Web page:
Elastic Search or Solr Search Result Quality Evaluation with NCDG Metric on Spark

You have built an enterprise search engine with Elastic Search or Solr. You have tweaked all the knobs in the search engine to get the best possible quality for the search results. But how do you know how well your search engine results are satisfying the users and meeting their information needs.

If you have access to relevance feedback data from users, there are various search result relevance metrics that could be calculated. In this post the focus is on computing a metric called Normalized Cumulative Discounted Gain (NCDG) on Spark.

Two kinds of data are necessary to compute NCDG, 1)search engine result as queries are executed and 2)relevance feedback from users who interact with the search results. The Spark implementation of NCDG is available in my open source project visitante.

Search Engine Result

When a query is executed, search engine returns results with lot of details. The search result needs to be saved by your search application before returning them to the user. As for as computation  of NCDG is concerned following the following 3 fields are necessary.

  1. Query ID
  2. Document ID
  3. Score

Each query needs to assigned a unique ID. One way to generate a unique ID from the search key words is as follows

  1. Preform text pre processing on the key words including lemmatization, stop word removal, smaller case conversion.
  2. Optionally, perform synonym replacement
  3. Sort the key words
  4. Generate an unique ID, if one does not already exist for the tokens in step 3

Search engines typically generates unique ID for each document indexed by the search engine. Search engine assigns a score to each document returned by the search engine in response to a query.

The score indicates how relevant the document is with respect to the query. This score is calculated based on the content of a document with respect to a query. Documents are presented to the user in descending order of the score, so that the most relevant document appears at the beginning of the search result i.e the documents are ranked by the descending order of the score.

Here is some sample synthetic data for one query , generated with a python script


Relevance Feedback

Ideally relevance feedback from users should be explicit e.g by rating in a scale of 1 to 10. However in reality, it’s difficult to get the user to provide explicit feedback. Instead, we rely on implicit feedback signals to calculate relevance score. Following implicit feedback signals could be used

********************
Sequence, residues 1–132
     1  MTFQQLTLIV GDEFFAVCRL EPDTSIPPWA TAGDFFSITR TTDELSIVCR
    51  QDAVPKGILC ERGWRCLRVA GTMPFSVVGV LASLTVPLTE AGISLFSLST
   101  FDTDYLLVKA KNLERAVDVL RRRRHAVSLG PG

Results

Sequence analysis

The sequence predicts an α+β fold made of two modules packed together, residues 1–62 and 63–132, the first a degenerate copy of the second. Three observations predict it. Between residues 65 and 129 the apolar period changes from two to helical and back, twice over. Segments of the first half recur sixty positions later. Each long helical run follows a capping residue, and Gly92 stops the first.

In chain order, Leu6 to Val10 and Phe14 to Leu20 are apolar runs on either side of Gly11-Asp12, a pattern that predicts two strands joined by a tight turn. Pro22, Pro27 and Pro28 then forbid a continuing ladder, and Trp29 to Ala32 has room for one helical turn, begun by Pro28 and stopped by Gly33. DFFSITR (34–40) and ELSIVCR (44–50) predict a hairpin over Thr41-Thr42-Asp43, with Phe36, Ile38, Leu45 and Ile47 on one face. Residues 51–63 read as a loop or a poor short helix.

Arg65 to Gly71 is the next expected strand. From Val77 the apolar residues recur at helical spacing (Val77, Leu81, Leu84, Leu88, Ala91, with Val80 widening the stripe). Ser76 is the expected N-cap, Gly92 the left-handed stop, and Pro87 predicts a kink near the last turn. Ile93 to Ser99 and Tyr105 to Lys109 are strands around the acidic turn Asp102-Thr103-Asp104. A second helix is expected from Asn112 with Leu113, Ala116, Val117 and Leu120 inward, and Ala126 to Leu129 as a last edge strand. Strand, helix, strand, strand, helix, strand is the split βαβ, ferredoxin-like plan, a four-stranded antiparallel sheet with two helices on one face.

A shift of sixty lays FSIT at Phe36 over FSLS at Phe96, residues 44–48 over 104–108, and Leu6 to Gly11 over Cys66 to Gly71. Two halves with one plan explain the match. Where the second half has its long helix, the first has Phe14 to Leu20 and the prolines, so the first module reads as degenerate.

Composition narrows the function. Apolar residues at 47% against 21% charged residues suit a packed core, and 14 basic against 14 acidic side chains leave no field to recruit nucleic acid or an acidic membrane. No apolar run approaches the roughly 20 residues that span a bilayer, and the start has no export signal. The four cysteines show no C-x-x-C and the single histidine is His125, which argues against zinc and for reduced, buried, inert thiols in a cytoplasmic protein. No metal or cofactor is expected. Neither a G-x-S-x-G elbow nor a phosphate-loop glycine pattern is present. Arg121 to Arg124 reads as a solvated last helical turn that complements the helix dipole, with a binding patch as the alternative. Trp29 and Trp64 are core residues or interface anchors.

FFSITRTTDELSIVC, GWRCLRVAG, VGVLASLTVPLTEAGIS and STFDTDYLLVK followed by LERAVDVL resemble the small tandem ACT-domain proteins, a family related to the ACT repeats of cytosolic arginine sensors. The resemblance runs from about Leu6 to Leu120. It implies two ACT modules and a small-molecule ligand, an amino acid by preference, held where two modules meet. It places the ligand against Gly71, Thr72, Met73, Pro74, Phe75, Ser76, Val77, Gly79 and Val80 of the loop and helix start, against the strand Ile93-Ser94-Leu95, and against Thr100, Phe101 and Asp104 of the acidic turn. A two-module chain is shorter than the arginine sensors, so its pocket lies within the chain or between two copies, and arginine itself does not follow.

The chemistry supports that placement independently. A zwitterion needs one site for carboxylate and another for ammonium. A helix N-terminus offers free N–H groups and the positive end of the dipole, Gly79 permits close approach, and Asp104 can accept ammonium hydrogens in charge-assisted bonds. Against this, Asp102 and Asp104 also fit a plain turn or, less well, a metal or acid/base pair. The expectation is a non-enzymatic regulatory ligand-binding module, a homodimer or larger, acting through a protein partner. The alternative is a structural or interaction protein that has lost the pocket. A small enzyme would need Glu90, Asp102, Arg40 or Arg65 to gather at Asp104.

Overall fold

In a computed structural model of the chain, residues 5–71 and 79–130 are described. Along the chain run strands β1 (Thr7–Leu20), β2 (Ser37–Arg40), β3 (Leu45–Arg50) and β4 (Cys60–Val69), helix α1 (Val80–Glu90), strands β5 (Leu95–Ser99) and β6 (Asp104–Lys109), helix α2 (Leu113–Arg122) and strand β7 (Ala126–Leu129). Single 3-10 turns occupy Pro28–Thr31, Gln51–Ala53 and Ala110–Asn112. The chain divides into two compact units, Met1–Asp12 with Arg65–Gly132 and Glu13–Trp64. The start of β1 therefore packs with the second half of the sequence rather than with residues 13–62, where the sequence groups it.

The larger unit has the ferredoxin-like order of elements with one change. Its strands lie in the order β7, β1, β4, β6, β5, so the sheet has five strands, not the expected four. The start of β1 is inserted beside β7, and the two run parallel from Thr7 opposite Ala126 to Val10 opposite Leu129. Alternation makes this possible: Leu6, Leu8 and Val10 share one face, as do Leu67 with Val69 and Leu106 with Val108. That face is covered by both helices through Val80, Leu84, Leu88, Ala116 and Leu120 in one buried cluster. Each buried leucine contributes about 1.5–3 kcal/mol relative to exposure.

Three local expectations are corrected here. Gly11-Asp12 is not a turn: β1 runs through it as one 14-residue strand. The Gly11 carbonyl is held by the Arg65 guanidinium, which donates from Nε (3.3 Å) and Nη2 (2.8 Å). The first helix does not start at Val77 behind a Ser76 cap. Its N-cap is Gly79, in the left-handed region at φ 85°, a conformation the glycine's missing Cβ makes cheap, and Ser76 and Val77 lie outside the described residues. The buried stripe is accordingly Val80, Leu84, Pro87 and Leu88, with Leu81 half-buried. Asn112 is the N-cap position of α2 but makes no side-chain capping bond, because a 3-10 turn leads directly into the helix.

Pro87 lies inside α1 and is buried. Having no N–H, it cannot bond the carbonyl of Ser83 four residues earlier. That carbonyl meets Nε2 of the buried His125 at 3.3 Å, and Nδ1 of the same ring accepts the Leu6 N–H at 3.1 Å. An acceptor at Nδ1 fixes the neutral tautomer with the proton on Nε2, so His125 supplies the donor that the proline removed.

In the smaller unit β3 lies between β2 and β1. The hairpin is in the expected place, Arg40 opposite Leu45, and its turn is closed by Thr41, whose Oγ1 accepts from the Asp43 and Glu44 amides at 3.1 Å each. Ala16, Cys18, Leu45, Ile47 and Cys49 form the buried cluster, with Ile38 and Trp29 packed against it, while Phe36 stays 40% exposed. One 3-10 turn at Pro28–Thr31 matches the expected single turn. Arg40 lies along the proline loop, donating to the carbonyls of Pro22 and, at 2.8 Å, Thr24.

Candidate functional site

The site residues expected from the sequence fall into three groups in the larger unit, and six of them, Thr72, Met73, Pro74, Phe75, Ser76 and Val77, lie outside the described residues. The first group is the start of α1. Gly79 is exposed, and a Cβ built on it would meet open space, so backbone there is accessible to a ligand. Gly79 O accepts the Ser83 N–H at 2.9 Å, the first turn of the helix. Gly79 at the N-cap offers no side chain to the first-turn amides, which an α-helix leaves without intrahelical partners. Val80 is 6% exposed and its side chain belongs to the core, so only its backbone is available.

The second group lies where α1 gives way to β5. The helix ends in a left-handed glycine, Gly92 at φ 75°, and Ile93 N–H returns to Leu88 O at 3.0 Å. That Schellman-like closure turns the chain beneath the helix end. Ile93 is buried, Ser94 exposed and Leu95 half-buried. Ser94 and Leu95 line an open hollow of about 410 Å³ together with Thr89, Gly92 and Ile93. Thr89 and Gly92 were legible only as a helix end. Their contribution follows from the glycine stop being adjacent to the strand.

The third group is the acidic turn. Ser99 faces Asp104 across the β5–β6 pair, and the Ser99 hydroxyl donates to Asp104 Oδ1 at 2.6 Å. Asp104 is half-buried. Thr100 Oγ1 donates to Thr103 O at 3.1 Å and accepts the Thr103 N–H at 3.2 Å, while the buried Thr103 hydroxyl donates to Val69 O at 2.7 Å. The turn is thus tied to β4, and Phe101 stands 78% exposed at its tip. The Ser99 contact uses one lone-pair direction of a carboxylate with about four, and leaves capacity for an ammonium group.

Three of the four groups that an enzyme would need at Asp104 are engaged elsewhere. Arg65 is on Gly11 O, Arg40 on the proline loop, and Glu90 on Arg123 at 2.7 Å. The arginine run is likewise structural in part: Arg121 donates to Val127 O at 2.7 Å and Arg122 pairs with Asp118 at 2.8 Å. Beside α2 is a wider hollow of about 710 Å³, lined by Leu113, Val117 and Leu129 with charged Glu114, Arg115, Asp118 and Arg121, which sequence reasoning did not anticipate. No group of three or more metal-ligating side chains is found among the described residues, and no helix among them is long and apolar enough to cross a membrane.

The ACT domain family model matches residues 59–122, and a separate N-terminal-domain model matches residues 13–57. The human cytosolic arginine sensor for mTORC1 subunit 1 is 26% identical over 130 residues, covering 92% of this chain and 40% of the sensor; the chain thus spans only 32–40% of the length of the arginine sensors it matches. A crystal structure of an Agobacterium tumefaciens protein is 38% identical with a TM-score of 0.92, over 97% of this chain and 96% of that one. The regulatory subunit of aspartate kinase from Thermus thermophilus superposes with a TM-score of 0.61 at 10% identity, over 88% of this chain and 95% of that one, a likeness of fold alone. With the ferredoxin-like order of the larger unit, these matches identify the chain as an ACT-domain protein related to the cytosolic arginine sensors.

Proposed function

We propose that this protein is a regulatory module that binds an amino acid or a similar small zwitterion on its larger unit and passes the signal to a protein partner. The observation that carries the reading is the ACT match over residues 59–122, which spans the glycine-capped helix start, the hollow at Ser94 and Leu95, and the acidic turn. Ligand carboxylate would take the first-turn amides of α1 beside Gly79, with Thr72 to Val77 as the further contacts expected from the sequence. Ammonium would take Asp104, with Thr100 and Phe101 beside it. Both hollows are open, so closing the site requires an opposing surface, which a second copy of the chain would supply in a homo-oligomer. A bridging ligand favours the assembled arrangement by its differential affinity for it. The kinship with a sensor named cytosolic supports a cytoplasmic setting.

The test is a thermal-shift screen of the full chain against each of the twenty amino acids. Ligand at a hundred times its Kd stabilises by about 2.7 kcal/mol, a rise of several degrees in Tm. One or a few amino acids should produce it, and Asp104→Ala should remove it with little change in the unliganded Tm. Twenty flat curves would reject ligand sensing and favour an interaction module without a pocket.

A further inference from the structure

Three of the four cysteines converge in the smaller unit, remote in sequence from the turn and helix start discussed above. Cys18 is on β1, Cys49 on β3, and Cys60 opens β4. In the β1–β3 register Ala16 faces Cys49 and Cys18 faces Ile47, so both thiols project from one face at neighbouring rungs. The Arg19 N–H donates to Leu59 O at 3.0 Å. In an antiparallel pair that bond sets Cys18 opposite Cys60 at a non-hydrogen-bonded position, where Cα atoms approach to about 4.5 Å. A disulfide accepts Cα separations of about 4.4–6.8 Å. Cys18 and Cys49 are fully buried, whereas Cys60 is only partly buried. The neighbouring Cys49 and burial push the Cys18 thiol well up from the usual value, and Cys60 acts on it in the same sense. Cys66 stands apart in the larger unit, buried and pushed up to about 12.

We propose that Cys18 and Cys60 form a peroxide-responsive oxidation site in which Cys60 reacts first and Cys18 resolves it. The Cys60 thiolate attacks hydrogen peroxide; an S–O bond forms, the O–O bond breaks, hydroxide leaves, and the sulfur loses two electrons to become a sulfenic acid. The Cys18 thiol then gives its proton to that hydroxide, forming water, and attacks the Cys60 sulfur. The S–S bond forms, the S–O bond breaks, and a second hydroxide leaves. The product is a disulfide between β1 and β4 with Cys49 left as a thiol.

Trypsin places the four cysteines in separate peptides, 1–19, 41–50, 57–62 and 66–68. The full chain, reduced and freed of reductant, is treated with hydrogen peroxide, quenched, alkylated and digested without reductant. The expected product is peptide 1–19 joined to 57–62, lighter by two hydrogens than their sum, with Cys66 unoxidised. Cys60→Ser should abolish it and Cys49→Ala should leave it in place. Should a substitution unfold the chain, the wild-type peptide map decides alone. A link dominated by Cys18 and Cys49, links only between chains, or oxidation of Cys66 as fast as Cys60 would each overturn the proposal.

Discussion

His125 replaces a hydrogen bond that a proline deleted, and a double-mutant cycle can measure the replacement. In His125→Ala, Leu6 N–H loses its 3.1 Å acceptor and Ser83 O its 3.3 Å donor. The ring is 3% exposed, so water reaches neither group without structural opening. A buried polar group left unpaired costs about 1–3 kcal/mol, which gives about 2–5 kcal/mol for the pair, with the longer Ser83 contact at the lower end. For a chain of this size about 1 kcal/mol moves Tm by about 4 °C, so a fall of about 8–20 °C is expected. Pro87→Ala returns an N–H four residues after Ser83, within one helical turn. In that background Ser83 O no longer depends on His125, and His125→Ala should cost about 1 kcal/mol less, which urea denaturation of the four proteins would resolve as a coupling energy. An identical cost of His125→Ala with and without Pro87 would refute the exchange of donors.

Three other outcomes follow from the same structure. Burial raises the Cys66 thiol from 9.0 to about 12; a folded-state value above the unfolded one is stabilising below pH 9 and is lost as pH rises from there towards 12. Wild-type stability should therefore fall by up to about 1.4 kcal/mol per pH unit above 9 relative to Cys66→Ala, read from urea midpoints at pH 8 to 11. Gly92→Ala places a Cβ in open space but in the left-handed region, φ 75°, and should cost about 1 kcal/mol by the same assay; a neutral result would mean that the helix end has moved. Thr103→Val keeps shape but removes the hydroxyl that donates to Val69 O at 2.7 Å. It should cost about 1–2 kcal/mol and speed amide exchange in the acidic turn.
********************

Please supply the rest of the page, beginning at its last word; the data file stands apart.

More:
1. Number of clicks
  2. Dwell time on a page
  3. Amount of scrolling performed on a page

These signals need to be combined in some way e.g weighted average or some other algorithm for the final relevance score. For our analysis, I have used used raw click count as relevance feedback.

The relevance feedback data for computing NCDG should have the following fields

  1. Query ID
  2. Document ID
  3. Relevance Score

We will use only number of clicks as the relevance feedback score. But ideally, the other signals should be used if they are available.

Here is some sample synthetic data. it’s basically click data. Click counts are aggregated and interpreted as relevance score for each query, document pair.


Normalized Cumulative Discounted Gain (NCDG)

The metric DCG is a function of relevance score and rank of the top n documents in search result. It’s defined as below

CDG = Σi=1 to n (2rel(i) – 1) / (log2(i + 1) )   where
CDG = cumulative discounted gain
n = number of documents
rel(i) = relevance score of ith ranked document

The steps for calculating NCDG are

  1. Calculate CDG with documents ranked in descending order of the search engine score
  2. Calculate CDG with documents ranked in descending order of the relevance score
  3. Divide the result of 1 with result of 2

In the second step, we calculate the maximum possible value for CDG, so we can use it to normalize and get NCDG in step 3.

The value of NCDG ranges from 0 to 1. Higher value of NCDG indicates better alignment between  between search engine score distribution and relevance score distribution. In other words, a higher NCDG value indicates users are confirming search engine’s judgement about relevancy of documents for a given query.

Spark Job for NCDG

The Spark job is implemented in the scala object NormDiscCumGain. A union operation is performed on 2 RDD, one for search score data and one for the relevance score data.